Today is another AMA episode, Ask Me Anything.  Ryan from Fresno, California asks. 

“I really enjoy your Real Estate Espresso podcast. Thanks for the great work.

The silly question has in my mind for a while. Why do banks, including lenders backed by Fannie Mae, make 30 year fixed loan to home buyers?  When I bought first home in China, all home loans are adjustable rate.  Let’s say the interest rate goes back to normal level  like 6-8%  2 years later, the bank (or whoever bought the security from bank) can still only get 4% for the remaining 28 years, do they lose money? On other hand, if interest rates go even lower, the home owner can always refinance. The bank does not have such freedom, will it put them at a disadvantage?

Regarding refinance,  what is good criteria to  apply for refinance? Interest rate dropped 10%? 20%? “

Ryan, that is a great question. In fact two great questions.

Let’s talk for a moment about how the banking system works. And let’s talk about how the banks make money. In the US, Canada, Europe, and much of the world banking system is based on a fractional reserve system.

That means that when depositors put say, $1 million in deposit at the bank, the bank makes money in several different ways. The bank is taking 1 million in deposits, but has the authority to write $10 million worth of loans against that 1M in deposits. The bank makes money on the difference between the interest rate it pays to depositors and the interest it collects from borrowers. Let’s do some simple math. Let’s say that the bank pays 1% interest to its depositor on the $1m deposit. Let’s say that it’s lending the money at 4%. The difference between the deposit and the loan is 3%. So the bank is making 3% on the money it loaned out for the first loan that it makes. But the bank gets to loan the money out another 9 times. In that case it’s making a full 4% interest times 9, which is 36%, plus the 3% from the original loan. So the bank is making 39% interest on the original deposit. That’s a pretty good rate of return. Now let’s say that interest rates go up during the term of the loan. Let’s say that the bank now needs to pay 4% to the depositors instead of 1%. In that situation the banks rate of return drops from 39% to 36%. They’re still very far from losing money.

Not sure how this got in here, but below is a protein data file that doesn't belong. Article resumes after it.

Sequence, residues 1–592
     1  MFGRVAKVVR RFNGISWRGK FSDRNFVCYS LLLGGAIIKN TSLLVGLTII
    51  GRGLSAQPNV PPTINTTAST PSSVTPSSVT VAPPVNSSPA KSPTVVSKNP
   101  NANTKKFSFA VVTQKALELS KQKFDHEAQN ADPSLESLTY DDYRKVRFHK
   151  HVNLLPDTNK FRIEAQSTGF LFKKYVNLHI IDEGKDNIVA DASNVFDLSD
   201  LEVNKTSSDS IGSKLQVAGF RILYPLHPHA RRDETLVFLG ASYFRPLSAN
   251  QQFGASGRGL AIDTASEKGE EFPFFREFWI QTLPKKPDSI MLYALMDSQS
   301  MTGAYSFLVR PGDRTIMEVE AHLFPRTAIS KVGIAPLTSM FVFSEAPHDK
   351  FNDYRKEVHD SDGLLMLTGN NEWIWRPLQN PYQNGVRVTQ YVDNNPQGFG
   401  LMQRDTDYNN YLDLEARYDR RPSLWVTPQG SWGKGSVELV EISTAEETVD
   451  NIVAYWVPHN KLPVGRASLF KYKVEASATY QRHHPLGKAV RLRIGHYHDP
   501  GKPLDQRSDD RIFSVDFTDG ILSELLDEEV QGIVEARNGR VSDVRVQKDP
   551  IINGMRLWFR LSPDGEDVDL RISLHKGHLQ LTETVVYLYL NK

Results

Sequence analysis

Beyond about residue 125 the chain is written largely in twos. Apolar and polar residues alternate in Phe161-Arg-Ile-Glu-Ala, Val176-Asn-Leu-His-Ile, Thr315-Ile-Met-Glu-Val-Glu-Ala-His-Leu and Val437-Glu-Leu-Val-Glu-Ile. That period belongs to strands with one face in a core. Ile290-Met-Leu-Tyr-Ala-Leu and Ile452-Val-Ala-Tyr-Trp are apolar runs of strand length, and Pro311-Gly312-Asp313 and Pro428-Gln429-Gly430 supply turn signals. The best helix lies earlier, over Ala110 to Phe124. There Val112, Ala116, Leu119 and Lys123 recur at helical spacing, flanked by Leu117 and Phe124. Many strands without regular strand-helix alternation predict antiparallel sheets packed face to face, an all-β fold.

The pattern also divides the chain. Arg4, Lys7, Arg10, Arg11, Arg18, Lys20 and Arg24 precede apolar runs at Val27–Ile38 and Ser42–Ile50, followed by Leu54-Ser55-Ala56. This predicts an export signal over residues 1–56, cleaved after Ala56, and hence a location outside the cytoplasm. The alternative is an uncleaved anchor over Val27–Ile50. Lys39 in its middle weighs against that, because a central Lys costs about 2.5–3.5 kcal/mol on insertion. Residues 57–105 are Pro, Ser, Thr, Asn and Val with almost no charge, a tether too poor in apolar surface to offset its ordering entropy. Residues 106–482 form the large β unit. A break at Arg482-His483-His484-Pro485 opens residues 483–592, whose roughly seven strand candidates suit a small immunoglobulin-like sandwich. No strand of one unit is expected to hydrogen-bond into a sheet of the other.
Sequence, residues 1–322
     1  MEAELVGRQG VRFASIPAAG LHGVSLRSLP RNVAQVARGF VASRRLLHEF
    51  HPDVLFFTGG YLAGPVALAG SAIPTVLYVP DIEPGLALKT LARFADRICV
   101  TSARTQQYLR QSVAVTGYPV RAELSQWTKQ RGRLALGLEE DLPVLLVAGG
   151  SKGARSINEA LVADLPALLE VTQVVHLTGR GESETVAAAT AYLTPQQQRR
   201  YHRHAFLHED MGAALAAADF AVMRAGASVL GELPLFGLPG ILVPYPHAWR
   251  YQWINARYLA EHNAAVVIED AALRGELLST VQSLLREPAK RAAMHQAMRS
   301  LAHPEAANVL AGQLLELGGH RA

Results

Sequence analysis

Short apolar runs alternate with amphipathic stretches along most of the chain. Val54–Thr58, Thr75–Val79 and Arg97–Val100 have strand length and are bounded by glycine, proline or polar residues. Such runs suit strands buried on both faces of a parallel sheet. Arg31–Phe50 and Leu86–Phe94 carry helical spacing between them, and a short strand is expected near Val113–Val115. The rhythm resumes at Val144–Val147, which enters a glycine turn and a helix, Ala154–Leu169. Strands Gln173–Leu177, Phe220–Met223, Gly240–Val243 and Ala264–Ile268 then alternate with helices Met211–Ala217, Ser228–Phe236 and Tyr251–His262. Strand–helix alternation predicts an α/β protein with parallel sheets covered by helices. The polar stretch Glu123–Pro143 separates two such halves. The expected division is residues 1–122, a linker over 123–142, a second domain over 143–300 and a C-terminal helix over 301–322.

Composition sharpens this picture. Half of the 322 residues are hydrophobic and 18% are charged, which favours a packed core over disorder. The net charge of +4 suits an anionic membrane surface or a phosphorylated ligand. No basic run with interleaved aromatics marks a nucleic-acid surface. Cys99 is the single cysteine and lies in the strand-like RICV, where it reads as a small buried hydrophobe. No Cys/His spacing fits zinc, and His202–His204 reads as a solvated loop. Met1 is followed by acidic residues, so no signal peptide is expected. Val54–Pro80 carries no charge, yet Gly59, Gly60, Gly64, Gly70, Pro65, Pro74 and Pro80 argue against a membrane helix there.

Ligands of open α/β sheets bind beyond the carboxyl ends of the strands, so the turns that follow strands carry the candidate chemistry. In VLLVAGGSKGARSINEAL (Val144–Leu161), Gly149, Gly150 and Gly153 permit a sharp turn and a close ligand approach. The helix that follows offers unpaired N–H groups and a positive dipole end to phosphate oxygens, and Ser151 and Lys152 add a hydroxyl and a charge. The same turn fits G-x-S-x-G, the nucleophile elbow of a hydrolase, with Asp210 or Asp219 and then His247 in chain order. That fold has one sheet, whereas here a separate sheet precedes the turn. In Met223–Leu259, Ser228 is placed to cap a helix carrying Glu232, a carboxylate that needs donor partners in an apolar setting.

Understand, when the bank makes a loan that is insured by a federally backed insurer, whether it is Fannie Mae, Freddie Mac, or the US government directly through the department of housing and urban development (HUD ), that is about the lowest risk loan you can write. 

The business of banking is made lucrative by the bank leverage, that 10:1 leverage we just talked about. The other side of that is what happens when a loan goes bad. 

If the loan is a conventional loan, then the bank has to write down the loss from the loan and it needs to find another $1m in cash quickly, otherwise it can’t pay the depositors their money when they go to the bank to make a withdrawal. 

The other way that the bank makes money is through fees. They typically charge an origination fee at the start of a new loan. That fee is usually 1% of the loan amount. In the first year of the loan, the bank makes another 1% on each loan, which brings their total rate of return to 49% instead of the measly 39% they will make in subsequent years.

The second part of your question was about refinancing. Your question was about interest rates. It is true that getting a lower interest rate is part of the motivation for a refinance. But usually the main reason to refinance is to change how your equity is being used. Let’s say you own a building that has 50% equity. You might refinance to increase the loan amount and free up a bunch of equity. You can then take that money and go buy another building.